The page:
Good afternoon, Ladies and Gentlemen.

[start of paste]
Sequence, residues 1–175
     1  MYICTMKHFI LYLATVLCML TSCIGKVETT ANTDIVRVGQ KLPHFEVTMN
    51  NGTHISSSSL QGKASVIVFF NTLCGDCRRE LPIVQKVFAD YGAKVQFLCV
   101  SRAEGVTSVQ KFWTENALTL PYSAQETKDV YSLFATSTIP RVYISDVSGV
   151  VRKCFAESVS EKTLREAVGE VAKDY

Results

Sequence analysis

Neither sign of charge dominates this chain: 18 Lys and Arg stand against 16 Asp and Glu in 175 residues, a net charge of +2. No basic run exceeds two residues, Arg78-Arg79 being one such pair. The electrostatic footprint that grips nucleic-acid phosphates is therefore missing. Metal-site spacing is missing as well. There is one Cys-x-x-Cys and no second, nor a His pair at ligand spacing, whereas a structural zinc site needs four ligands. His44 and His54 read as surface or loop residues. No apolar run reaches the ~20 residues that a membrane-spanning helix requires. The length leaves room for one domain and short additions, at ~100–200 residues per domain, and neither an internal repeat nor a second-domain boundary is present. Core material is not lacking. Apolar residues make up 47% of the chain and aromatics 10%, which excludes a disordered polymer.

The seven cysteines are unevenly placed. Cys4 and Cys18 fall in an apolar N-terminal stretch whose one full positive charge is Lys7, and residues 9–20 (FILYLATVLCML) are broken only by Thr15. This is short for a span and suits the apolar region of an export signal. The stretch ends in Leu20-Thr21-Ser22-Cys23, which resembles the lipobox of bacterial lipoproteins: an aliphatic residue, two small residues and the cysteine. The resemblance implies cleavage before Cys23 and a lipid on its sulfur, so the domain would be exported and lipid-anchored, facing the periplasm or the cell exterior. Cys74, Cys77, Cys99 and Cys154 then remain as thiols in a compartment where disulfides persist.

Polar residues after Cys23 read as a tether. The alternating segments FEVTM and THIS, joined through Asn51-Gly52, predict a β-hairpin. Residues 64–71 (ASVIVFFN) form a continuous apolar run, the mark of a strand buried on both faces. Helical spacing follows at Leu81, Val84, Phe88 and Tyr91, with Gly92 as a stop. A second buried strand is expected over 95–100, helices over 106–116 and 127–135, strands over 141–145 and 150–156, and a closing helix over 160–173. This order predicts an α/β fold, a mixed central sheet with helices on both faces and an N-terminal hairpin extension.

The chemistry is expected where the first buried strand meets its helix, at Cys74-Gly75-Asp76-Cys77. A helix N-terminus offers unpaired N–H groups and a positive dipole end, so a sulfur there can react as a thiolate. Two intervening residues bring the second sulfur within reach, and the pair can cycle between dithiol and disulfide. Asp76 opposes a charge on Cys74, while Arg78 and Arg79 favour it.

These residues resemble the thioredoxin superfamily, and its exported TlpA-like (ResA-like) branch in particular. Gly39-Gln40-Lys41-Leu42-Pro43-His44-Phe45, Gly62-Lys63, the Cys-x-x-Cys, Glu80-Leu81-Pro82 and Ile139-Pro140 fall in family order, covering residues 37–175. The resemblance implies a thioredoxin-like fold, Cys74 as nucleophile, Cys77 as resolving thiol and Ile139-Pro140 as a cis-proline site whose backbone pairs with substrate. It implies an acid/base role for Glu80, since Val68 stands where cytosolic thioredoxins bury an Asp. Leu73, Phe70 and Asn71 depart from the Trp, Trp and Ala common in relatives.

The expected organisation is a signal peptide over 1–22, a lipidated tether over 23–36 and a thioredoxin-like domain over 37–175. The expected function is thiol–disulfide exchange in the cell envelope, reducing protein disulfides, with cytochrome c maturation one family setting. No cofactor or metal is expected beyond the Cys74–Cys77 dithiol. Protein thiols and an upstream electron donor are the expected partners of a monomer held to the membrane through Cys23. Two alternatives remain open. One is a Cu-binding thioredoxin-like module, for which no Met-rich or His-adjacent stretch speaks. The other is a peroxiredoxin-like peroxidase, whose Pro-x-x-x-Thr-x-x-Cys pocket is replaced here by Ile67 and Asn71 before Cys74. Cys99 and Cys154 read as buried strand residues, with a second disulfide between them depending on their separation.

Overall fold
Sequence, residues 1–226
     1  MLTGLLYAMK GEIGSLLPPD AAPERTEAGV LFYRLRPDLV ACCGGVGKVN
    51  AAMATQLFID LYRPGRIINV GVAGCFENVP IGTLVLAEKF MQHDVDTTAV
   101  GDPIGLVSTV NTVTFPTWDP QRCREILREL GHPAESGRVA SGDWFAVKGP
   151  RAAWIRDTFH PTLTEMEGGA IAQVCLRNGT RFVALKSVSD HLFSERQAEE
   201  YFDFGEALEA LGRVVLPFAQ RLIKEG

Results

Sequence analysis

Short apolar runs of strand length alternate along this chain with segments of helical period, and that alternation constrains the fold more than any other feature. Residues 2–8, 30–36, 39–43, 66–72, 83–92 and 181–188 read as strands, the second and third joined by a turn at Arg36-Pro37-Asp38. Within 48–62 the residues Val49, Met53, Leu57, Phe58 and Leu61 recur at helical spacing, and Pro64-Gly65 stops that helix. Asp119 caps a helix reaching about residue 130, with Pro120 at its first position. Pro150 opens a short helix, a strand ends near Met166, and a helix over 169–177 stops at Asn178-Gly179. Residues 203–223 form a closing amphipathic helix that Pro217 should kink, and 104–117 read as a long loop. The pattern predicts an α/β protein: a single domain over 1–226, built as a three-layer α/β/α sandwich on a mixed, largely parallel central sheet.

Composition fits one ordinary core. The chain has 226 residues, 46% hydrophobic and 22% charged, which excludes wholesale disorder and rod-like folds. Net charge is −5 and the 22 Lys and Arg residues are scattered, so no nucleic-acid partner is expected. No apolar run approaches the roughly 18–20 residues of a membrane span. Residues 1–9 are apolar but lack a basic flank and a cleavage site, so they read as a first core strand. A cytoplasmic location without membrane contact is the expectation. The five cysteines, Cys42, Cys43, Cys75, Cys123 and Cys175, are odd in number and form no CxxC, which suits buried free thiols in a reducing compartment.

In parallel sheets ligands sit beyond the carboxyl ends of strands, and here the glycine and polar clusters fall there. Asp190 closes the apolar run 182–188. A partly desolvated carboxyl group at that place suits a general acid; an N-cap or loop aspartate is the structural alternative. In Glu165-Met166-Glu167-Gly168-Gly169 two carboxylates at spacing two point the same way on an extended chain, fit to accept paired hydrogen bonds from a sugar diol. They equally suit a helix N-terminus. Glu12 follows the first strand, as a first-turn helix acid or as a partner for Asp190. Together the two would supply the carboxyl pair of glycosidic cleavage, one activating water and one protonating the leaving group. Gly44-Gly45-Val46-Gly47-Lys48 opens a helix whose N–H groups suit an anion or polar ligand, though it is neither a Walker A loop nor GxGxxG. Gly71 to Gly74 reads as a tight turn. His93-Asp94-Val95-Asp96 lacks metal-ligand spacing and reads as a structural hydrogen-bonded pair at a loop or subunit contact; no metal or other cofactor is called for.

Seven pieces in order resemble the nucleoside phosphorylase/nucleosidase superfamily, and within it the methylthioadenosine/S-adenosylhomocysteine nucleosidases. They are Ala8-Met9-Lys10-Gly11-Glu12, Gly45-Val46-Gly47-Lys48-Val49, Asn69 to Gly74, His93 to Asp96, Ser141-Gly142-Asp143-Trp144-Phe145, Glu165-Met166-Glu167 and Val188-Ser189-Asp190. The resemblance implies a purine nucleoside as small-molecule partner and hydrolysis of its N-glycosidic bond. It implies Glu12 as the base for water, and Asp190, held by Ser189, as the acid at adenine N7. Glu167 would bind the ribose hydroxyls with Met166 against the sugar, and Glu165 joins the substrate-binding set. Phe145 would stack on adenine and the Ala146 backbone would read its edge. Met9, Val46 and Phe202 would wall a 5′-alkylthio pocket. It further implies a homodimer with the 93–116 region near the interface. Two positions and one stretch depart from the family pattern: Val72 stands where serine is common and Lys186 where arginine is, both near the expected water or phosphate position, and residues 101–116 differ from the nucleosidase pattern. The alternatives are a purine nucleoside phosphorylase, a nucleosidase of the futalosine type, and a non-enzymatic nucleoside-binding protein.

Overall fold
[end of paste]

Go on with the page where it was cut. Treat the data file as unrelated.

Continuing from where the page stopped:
I welcome the Honourable Prime Minister of Poland and his delegation. This is indeed how one should begin a year. We sincerely hope that what begins well will also end well. Receiving friends and beginning a year in this way is always a good omen for the rest of the year; and this year we are in great need of good omens, as 2018 will be an important year for Europe. If you follow the rhythm of European politics, you will see that it has five-year cycles, as mandates for the Europe Parliament are issued for terms of five years; and this year – 2018 – will be the last full year in the current European cycle. The period which is coming to a close has shown everyone what is working well in the European Union and what isn’t working well. Today has seen a meeting between the leaders of two friendly nations, and we have received a delegation whose members we hold in high esteem. Whenever Poles visit us here on behalf of the government of the day, we receive the privilege of meeting people who were our political heroes when we were in our twenties: although the Prime Minister is too young for us to say that of him, his father – who fought as the leader of Fighting Solidarity – was one of the great heroes of our youth. So when we receive a Polish delegation, all these things come to mind: all these personal and historical facts that we are unable – and unwilling – to banish from our minds. This visit today, however, has a significance which extends beyond all those considerations – which, for the general public, are not in fact this meeting’s most important dimension. For the general public perhaps the most important feature is the fact that today has seen a meeting between two countries forming part of the Central European region. And the past few years have proved that Central European economic systems – including the Polish and Hungarian ones – are operating well; Central Europe and the Central European economic models are working well. In Central Europe today there are successful countries: countries which add to the strength of the European Union. We are making more of a contribution to the strength of the European Union than anyone would have thought back in 2004, when our countries joined. Back then one could not have thought that just over a decade later our region of Central Europe could be described as the economic engine of the European Union. This is the European Union’s fastest-growing region, without which we couldn’t speak about any meaningful European growth today. All in all, although Poland is four times the size of Hungary, our meeting today has been between two countries which have each contributed to the stabilisation of the European economy. So this is working. Over the past few years, however, we have also seen that there are things which are not working. The EU’s immigration policy is not working – and not only is it not working, but it has failed miserably. We also spoke about this at our meeting today. It is obvious that the European people don’t want immigration, while quite a few leaders in Europe continue to push their failed immigration policy. The Hungarian position that I outlined today is that we must continue to defend our borders, we must stop migration, and, rather than bringing immigrants here, we must take help to where it’s needed. Our meeting today presented me with an opportunity to thank Poland for having helped Hungary in its border defence efforts. We thank you, Prime Minister, and we thank Poland for sending Polish border-guard units to Hungary. We are grateful for this clear affirmation that the defence of Hungary’s southern borders is not simply an internal matter of concern for Hungary, but a common matter of concern for Europe: not for the first time in history, and perhaps not for the last.